Wednesday 13 November 2019

Is our love affair with antibiotics slowly killing us?

Feel a chest infection coming on? Think twice about those antibiotics you've been prescribed, as overusing them could be eliminating your vital microbes, and causing diabetes, allergies and obesity, according to one expert. Our reporter delves into the science of the microbiome

We love antibiotics
We love antibiotics

Ailin Quinlan

Scientific breakthroughs in medicine and food production have given us a modern lifestyle which is healthier and easier than our ancestors could have dreamed of - but at what cost? Is it possible that our easy access to antibiotics and cheap meat is having a deeply negative effect on the health of both adults and children?

Dr. Martin Blaser, an MD who specialises in infectious diseases, believes it is. A renowned expert on infectious diseases and the beneficial role of bacteria in human life, Blaser believes that the overuse of antibiotics has fuelled many of the modern plagues in the western world, including obesity, diabetes, allergies and chronic inflammatory diseases.

Every human being, Blaser explains, is populated by microbes which live both on and in us in incredible numbers and diversity.

Everyone's population of bacteria or microbes - our individual microbiome - is extremely important, because different strains of bacteria perform different functions for us.

"Microbes are very useful to us," explains the director of the Human Microbiome Program, NYU Medical Centre in New York and author of the bestselling book Missing Microbes.

"They help us digest food, make vitamins and train our immune system to protect us against pathogens."

Our microbiome is ancient, he explains. Much of it is handed down through the generations, from mother to child, but Blaser believes that modern lifestyles are impacting on it - and fundamentally changing it.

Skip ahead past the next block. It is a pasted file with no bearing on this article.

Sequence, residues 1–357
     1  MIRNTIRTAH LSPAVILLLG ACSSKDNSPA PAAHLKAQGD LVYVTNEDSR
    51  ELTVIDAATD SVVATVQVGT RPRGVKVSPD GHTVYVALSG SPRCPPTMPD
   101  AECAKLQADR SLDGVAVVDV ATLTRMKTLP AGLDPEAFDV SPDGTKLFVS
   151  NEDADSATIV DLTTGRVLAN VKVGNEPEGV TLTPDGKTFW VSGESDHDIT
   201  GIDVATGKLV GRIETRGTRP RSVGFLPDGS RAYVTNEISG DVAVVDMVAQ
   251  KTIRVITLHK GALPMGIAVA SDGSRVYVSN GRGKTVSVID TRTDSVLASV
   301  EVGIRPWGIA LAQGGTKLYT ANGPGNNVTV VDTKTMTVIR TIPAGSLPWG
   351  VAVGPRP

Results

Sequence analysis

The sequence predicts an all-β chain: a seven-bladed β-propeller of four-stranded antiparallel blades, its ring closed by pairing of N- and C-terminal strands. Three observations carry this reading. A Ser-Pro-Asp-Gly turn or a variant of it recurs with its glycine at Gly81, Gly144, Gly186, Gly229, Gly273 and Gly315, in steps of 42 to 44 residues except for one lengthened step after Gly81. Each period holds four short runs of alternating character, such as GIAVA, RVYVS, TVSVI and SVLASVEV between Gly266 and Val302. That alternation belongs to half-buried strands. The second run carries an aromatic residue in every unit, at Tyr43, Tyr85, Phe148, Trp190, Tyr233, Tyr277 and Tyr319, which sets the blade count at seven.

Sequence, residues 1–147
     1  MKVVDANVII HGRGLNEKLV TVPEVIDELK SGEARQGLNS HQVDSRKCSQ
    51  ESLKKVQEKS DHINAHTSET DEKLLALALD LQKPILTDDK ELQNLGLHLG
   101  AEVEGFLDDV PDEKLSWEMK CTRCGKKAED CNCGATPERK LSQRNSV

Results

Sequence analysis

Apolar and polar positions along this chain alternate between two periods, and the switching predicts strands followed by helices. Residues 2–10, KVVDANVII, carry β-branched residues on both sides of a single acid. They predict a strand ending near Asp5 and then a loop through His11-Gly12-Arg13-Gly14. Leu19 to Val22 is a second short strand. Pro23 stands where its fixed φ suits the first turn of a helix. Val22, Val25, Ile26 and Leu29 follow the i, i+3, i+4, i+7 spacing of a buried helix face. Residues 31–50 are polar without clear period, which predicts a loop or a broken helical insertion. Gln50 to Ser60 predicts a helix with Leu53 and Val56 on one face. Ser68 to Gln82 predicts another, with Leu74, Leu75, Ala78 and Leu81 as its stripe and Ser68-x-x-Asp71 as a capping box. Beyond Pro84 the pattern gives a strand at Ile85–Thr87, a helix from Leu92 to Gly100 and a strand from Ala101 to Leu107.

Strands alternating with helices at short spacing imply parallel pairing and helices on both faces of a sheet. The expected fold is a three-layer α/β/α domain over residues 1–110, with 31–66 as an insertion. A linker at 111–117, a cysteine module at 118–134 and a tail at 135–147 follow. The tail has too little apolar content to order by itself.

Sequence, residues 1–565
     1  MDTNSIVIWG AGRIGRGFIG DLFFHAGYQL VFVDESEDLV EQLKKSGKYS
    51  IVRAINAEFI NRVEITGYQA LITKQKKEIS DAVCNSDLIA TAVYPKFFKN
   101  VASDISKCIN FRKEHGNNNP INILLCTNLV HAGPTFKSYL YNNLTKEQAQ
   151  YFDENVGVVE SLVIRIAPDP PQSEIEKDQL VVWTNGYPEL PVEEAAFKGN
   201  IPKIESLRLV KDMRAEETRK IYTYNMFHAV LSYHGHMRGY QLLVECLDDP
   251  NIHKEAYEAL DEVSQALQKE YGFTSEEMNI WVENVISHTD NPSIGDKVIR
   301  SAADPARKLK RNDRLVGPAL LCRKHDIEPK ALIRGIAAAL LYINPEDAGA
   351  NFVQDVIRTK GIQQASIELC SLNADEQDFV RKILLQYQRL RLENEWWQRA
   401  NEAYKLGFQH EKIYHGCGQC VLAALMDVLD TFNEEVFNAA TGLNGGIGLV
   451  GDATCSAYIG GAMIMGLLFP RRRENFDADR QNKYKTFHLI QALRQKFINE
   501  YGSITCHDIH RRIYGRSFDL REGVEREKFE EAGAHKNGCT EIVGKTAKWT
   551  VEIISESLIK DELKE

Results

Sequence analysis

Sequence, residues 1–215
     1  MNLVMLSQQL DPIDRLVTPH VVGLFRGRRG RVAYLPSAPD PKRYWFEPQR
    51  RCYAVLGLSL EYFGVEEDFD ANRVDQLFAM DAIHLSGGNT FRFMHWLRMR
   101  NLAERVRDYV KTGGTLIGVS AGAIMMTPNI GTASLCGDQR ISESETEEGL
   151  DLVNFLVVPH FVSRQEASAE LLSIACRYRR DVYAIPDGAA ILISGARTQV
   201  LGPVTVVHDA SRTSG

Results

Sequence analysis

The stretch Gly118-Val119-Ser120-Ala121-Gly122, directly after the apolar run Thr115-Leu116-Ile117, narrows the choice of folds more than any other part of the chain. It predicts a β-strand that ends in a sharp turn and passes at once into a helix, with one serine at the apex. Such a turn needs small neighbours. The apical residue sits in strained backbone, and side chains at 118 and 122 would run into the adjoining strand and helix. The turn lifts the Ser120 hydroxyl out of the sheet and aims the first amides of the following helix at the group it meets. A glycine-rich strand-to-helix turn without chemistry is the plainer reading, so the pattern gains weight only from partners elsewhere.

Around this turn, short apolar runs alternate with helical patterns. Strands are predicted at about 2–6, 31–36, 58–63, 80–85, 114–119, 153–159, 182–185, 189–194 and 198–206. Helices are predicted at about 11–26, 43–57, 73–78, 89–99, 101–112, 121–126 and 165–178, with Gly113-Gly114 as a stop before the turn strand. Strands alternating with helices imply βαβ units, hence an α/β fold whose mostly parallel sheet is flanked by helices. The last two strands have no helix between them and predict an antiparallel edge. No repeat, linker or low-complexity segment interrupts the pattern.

"Our ancient microbes are disappearing because of everything from antibiotics and Caesarean sections to clean water and different kinds of anti-bacterial substances in our food.

"We don't know all the causes - or the significance of what we have lost - but there is more and more evidence that we have lost nearly half of the diversity in our microbiome."

And this, he believes, has serious consequences for our health.

Blaser believes that what he calls the "modern plagues" - conditions such as obesity, Type 2 diabetes, asthma, coeliac disease, autism and food allergies - have all flourished around the world in the decades since World War Two.

Since World War Two, he explains, the incidence of a collection of about 10 diseases has been rising dramatically. Why is it, Blaser asks, that these conditions all began to flourish about the same time?

"Either there are 10 different causes or there is one cause that is beneath them all. My hypothesis is that antibiotics are a big part of it."

Think about it he says - modern children get antibiotics from the first year of life and farmers have been using them in food production for decades.